As can be seen, there are pros and cons for all of these potential homes for Pack Management. What does become clear is that the pack management function provides the glue that bonds several disparate departments together and requires cross-functional leadership, administration, technical knowledge and team-work to deliver compliant artwork, on-time, every time and without error. How it does that will be the subject of a later blog post.

Pinnaculum are specialists in pharmaceutical pack management services; outsourced administration, artwork creation, technology and optimised process design. If you would like to know more of how we help companies deliver world class pack management that makes a difference to their reputation and balance sheet, visit our website or give our offices a call.

Mark Wilkinson
Pinnaculum Ltd
www.pinnaculum.co.uk
mark.wilkinson@pinnaculum.co.uk
0044 1438 791111

Pharmaceutical Pack Management - why is it important?

Pharma Pack Management, artwork administration, artwork co-ordination…..whichever description you use, managing pharmaceutical labelling artwork is a pivotal function in the pharmaceutical supply chain and one that rarely gets the attention it deserves.

Performed effectively, implementing and maintaining compliant labelling for product SKUs (stock keeping units) becomes an opportunity to reduce costs, improve an organisation’s reputation for quality and differentiate them from their competitors.

But perform it badly or not at all, it can harm your patients, kill your company, trigger a product recall, delay product supply or regularly cause stock outs that directly impact the balance sheet. When errors occur, 4 main groups are impacted;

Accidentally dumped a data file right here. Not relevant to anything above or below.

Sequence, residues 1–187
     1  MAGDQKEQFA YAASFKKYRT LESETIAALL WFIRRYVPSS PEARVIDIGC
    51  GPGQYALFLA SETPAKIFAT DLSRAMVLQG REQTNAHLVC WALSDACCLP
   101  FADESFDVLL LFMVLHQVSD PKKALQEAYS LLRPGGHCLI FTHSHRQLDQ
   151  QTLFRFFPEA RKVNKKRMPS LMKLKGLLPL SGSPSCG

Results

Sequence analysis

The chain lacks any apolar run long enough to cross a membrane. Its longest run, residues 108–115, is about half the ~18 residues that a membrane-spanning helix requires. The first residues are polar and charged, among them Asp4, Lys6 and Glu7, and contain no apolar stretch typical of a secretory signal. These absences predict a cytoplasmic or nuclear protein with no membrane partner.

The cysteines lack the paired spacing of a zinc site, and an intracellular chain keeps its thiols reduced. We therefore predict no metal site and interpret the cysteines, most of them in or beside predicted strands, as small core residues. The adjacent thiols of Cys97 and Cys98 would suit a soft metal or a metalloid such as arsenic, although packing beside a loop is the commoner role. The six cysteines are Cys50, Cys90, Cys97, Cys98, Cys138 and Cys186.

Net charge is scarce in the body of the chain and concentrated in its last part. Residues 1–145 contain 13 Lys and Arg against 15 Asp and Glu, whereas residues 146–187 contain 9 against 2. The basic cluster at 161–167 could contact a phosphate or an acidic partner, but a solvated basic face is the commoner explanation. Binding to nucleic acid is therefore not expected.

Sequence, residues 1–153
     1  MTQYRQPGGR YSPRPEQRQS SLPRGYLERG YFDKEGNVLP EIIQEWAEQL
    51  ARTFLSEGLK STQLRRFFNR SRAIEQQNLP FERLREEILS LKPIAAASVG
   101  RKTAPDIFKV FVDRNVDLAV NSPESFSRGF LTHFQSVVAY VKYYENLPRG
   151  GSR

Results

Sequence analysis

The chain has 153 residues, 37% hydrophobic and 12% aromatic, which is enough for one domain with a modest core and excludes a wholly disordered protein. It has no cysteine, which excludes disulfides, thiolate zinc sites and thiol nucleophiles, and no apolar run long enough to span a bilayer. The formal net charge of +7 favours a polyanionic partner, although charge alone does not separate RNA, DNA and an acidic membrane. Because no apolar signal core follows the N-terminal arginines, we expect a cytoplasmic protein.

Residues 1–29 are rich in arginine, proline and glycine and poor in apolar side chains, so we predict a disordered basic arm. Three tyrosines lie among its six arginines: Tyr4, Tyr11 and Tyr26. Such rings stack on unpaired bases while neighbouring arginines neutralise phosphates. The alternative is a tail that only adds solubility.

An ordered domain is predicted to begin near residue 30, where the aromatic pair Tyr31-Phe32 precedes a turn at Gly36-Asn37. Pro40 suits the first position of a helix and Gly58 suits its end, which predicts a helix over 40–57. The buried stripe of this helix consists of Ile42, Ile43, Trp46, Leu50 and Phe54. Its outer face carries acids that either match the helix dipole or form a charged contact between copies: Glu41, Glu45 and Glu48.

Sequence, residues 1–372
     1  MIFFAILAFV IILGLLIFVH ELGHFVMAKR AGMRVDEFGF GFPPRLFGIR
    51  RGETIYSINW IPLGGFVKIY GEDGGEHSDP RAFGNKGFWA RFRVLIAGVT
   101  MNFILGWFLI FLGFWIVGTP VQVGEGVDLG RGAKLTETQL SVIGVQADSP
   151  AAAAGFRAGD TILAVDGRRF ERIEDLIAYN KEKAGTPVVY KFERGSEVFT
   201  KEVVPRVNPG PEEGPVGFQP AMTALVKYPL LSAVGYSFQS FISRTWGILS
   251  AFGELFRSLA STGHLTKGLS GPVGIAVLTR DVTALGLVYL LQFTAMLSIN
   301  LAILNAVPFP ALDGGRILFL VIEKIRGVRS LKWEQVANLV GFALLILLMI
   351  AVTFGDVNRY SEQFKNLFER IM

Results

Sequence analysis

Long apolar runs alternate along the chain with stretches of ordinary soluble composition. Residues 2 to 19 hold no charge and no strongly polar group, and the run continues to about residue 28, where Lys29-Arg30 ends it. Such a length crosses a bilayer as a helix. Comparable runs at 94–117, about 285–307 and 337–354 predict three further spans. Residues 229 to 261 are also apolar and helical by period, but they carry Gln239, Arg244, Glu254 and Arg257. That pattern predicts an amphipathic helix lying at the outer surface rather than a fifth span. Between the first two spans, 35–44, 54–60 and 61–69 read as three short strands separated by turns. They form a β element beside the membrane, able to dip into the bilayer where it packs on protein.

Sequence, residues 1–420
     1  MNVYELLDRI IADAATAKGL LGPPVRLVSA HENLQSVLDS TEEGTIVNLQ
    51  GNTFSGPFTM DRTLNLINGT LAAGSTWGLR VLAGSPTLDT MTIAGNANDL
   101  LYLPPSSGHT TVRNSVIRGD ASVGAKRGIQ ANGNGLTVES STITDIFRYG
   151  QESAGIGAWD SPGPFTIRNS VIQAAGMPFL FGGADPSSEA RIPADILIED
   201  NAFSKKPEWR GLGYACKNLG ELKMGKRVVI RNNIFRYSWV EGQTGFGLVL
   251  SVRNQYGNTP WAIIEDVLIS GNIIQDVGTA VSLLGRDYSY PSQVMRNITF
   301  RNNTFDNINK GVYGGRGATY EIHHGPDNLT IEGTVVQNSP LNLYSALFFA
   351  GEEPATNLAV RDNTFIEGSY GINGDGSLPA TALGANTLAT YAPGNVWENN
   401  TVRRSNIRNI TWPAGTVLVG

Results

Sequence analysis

Patients

Effective medical treatment is based on trust at all levels. Patients put their trust in a health professional directly through consultation and prescription. They also place their trust in pharmaceutical companies to produce and supply them a prescribed product to the highest standards of quality and this includes the labelling. An error in the labelling can therefore not only be directly harmful – by causing a prescribing error for instance – but can also undermine the confidence a patient population has in individual drug companies.

Prescribers

There is an expectation held by all prescribers, be they pharmacists, consultants, doctors, nurses or other health care professionals that products and their labelling will be accurate, up to date, free from errors and manufactured to the highest quality standards. Aside from a prescribers trust in a company and product being damaged by labelling errors, they are also directly impacted as remedial action on their part diverts resources away from their primary function of providing health care services.

Regulators

With labelling errors identified as a significant cause of recalls, regulators are increasingly focusing audit attention on labelling change processes. With today’s technological advances providing opportunities for improved quality they are becoming less tolerant of bad practice and have the powers to take punitive action against companies not meeting expected GMP standards.

Pharmaceutical companies

At a macro level, pharmaceutical companies can be significantly harmed, both in terms of reputation and share price, by labelling errors. These indirect costs are joined by the direct costs of managing an incident. Reworking or batch and product write-offs often result, which alone can run into costs of tens of thousands. Drilling down further, the affected artwork studios and process participants will be analysing causes for the error and looking for ways to improve the process.

With its importance better understood our next article will focus on where to locate the pack management department in a pharma business.

New MHRA Blog goes live

MHRA_website_logo
The MHRA have published their first blog today, focusing on the MHRA Inspectorate and guidance and updates about MHRA inspections.
Here is a link to the site https://mhrainspectorate.blog.gov.uk/

Posted by Mark Wilkinson

Filed in MHRA,